3. kamal

    hey ,would you input me by an example about a discourse policy in society(country) that has mulilangual and if it is possible lead me how i must shaps the outline of my own project? please,thanks a lot

    • Florian Schneider

      Hey Kamal,
      Many thanks for raising the issue of multilingual communication – something I left out in this blog post. I myself have not conducted such analyses, though I agree with you that they are important and very intriguing. You may find the work of Mark Sebba from Lancaster University interesting. He has written on bilingual and multilingual discourse, and his ideas on mixing languages and switching between “codes” might go well with the kind of research you have in mind. Take a look at his articles: In addition, I would recommend going through journals like the Journal of Multicultural Discourse ( to see who has written on similar topics. You might be able to draw additional inspiration from there.
      Good luck with the project!
      Best – F

      • marlene

        Hi ! I am conducting a research on how do Chinese cartoons depict/ed Japan( during the recent crisis between the two nations 2005/20013) and I was looking for a valid way to analyze the cartoons’ language. My aim is to understand how is Chinese government trying to shape popular opinion on Japan (in the extend we analyze the goverment’s media outlet as could be People’s Daily or Xinhua ) and whether in different media (state-run, state-affiliated ,private blogs, weibo) it is possible to find a different “depiction” of Japan. In other words if besides cartoon’s which depict Japan as the enemy it is possible to find other cartoons wich encourages a calm, and rational reaction by Chinese)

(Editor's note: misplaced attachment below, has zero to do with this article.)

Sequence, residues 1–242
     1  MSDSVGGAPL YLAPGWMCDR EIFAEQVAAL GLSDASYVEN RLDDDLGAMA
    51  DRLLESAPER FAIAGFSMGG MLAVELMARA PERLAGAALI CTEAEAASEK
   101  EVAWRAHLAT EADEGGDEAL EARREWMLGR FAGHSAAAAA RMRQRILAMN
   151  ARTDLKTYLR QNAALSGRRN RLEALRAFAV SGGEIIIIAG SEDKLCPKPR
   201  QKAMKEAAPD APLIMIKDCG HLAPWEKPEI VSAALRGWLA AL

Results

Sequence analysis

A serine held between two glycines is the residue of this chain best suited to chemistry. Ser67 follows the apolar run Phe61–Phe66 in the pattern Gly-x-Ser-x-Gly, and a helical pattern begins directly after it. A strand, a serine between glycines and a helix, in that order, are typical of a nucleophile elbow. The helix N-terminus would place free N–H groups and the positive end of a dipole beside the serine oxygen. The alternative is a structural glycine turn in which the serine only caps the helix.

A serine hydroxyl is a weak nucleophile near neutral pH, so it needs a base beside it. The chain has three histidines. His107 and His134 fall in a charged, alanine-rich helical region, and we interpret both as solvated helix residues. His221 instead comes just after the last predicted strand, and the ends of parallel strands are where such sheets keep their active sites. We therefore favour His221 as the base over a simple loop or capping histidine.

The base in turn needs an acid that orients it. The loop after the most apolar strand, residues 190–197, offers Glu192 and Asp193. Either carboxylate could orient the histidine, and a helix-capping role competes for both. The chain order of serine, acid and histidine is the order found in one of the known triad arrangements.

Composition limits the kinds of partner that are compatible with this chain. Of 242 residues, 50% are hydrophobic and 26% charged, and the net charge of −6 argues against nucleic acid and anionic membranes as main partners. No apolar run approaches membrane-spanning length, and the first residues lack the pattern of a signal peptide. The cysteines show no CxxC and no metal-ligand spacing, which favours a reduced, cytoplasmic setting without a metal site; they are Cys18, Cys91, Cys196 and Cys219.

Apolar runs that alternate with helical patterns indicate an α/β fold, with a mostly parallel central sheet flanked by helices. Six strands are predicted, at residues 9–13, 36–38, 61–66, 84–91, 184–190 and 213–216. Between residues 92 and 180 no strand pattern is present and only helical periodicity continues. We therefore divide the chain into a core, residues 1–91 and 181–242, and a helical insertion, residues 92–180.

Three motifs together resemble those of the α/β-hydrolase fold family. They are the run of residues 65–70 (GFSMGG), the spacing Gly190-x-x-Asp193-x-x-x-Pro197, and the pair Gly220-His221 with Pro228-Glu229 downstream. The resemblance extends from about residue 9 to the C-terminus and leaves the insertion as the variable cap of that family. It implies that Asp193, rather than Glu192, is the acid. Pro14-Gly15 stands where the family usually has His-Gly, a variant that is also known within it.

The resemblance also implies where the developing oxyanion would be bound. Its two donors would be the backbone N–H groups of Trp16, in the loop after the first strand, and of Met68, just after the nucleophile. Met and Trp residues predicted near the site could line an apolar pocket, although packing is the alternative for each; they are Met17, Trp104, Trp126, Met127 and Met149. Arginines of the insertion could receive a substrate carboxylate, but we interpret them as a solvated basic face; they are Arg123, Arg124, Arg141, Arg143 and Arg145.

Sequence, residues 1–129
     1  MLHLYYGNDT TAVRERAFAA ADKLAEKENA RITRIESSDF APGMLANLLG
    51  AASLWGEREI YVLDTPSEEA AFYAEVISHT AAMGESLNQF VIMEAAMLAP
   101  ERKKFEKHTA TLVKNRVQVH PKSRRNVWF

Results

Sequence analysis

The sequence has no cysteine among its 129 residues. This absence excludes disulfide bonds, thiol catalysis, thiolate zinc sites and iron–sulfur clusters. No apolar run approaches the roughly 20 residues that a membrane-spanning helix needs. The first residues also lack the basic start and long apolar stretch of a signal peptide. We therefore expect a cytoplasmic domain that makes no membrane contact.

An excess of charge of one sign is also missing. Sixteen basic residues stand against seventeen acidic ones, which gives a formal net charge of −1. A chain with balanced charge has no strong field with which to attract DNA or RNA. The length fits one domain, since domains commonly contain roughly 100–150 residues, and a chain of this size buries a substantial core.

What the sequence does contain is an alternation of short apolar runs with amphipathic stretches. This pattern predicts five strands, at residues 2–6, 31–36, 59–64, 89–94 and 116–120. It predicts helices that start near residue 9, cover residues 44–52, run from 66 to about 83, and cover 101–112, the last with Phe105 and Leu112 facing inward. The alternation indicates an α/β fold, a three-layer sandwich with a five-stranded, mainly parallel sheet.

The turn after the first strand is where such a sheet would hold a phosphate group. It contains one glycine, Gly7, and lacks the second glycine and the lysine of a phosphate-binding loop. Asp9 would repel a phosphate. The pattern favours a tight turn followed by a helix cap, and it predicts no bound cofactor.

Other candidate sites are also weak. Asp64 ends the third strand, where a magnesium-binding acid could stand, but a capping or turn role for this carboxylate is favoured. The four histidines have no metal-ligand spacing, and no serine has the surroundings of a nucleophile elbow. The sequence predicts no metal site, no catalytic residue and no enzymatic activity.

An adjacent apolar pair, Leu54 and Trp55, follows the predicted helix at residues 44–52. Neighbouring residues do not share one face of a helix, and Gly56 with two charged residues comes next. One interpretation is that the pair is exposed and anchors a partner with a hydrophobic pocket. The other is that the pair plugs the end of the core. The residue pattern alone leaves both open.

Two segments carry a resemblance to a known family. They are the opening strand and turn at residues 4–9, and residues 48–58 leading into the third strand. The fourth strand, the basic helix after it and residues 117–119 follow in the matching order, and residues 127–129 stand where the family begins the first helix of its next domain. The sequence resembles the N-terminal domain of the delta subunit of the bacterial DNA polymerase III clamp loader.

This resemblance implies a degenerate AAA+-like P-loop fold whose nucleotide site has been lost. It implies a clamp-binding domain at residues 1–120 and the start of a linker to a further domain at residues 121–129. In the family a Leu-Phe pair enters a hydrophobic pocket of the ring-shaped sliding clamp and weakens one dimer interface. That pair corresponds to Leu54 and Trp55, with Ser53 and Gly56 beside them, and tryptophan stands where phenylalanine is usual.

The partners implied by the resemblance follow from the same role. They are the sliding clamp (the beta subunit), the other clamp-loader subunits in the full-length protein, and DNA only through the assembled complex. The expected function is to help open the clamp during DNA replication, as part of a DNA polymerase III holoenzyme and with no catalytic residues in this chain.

. I was thinking a nationalism theory as theoretichal framework but at the same time I was curious to understand if discourse theory could be applied to visual arts (in this case manhua) and if It could be a valid framework

        • Florian Schneider